This pause in proceedings will give your guide the chance to expand on all he has told you. He may go into greater detail about the animals seen thus far, or discuss the surrounding seasonal flora. There might be smaller details usually missed aboard a vehicle – seed pods, tracks, or feathers – that he will share with you. Or you may simply indulge in some genial socializing. This is your time to learn all you wish to know, and your guide will be comprehensively accommodating.


Photos: Cheetah Plains & Angama Mara

Nature listens to its own rhythms, not the wishes of man, and no guarantee can be given in seeing an abundance of life or a particular species. While a guide will give you the best opportunity, they will also provide enough entertainment, by sharing their knowledge and taking in other more dependable aspects, to fill an excursion with many memorable moments.

The age of clients is also a consideration of an African safari guide. Senior travelers may be less able to undertake certain activities, but should not forego them completely. Walks and more active excursions can be adjusted to accommodate the less able, executed at a slower pace over a shorter distance.

Children, too, require additional skills. Some camps have dedicated kids’ clubs, with dedicated guides catering to young minds and short attention spans, but an expert guide will tailor a mixed-generation safari to incorporate activities or information that will keep youngsters occupied without compromising the experience for older guests. 

Additional Activities

As mentioned, becoming a game drive guide is only the beginning of a comprehensive African field guide’s training. Once they have accomplished this qualification, they must then undertake several years of extensive additional training in order to lead walking or water safaris. Adding to all they have already learned, safety requirements and idiosyncrasies demand specific skills and knowledge. Walking guides must have an acute understanding of the region in order to navigate safe pathways and read the body language of the species likely to be encountered. Safety, both of their clients and the surrounding wildlife, is imperative, and every consideration is given to this end. This is also true of canoe safaris and boating activities, and it is essential that any potential hazards are preempted. Training in the classroom and in the field provides them with the acumen to determine a gamut of scenarios to provide the most rewarding experience whilst maintaining absolute security.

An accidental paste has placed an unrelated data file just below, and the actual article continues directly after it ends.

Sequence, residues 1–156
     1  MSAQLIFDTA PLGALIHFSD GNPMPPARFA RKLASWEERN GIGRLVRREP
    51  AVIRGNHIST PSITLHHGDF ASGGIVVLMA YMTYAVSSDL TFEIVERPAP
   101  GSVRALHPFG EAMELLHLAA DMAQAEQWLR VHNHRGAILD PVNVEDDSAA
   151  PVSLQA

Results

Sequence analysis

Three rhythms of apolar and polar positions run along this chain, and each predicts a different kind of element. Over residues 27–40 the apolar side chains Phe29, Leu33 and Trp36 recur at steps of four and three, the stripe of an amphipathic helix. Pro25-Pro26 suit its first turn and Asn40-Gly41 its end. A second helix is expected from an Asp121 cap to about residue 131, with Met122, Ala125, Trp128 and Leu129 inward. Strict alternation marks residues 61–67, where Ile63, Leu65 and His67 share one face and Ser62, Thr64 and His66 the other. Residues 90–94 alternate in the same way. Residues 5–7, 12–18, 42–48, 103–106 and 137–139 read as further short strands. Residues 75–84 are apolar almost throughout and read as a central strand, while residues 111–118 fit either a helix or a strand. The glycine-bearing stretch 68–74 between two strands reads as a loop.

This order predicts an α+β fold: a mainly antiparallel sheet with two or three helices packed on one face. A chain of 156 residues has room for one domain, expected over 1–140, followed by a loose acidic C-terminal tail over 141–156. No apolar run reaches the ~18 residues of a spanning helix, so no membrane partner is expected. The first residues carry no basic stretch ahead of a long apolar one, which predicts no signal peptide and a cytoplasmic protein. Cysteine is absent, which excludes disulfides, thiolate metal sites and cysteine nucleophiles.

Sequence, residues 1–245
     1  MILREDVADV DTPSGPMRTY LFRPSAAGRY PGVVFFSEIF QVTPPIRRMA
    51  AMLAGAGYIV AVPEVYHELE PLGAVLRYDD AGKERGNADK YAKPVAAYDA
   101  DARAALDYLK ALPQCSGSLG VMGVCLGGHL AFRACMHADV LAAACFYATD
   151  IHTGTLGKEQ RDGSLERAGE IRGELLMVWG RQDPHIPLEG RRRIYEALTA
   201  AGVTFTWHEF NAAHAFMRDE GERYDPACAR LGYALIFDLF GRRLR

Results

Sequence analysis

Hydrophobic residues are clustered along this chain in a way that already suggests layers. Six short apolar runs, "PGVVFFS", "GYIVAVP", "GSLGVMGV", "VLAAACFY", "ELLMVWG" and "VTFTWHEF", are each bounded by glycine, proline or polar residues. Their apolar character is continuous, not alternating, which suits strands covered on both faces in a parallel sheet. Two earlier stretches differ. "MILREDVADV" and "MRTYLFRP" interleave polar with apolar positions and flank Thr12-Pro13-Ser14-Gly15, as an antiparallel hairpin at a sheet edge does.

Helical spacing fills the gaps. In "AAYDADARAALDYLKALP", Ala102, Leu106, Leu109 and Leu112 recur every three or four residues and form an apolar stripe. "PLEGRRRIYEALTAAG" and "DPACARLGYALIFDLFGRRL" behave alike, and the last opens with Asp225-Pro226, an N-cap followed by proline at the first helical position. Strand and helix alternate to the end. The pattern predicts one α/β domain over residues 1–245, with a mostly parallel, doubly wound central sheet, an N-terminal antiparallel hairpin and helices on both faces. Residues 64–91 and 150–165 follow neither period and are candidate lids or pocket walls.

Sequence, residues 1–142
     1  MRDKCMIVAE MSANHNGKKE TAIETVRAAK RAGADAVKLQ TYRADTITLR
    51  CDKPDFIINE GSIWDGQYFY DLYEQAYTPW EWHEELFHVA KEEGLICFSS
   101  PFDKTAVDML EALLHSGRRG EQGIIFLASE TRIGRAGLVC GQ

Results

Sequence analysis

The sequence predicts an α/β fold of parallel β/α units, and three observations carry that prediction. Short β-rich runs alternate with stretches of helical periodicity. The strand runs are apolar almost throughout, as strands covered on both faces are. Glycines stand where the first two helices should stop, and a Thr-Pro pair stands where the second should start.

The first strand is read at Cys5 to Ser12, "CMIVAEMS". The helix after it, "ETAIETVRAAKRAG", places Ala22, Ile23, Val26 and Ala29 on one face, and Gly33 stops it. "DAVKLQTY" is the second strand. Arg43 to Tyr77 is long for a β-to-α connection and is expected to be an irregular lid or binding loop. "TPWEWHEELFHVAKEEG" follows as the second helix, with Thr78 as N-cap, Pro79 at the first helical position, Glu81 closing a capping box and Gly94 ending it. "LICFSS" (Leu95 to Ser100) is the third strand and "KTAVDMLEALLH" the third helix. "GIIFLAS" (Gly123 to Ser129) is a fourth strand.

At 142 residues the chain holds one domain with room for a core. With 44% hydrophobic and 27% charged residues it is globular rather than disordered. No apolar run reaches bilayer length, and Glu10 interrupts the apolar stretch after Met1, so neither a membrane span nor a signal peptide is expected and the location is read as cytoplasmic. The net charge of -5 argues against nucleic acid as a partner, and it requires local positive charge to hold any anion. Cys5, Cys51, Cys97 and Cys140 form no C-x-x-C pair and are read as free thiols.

Although guides are adept at reading the braille of the bush, on a walking safari tracking their acute tracking skills are indispensable. They will alert you to every trace of movement, identifying lion tracks from those of leopard and hyena, tell you when they passed and in what direction, and give you a deeper comprehension of the environment in the tiniest of detail.

Photos: Cheetah Plains, Londolozi & Little Ongava

Driving a vehicle through the bush and pointing out the obvious sights is relatively easy. Even identifying the myriad creatures that dwell there can be swiftly learned.

However, your African safari guide can be the difference between a sightseeing drive and an enchanting, informative safari filled with captivating moments. Only an expert with extensive training and experience can define this difference. The best camps and lodges, those within our portfolio, are acutely aware of the positive impact of a quality guide and will go to great lengths in investing in the very best African safari guides.

Through our many travels, we not only assess the standard of each property, but also the quality of guiding. Ultimately, it is the safari for which people travel as opposed to the accommodation, and even a mediocre camp can still hold magical potential for astonishing game drives. It is in the hands of your African safari guide that the unforgettable moments lie, and with the right guide this is assured.

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Photo: Angama Mara

Header Image: ©Angama Mara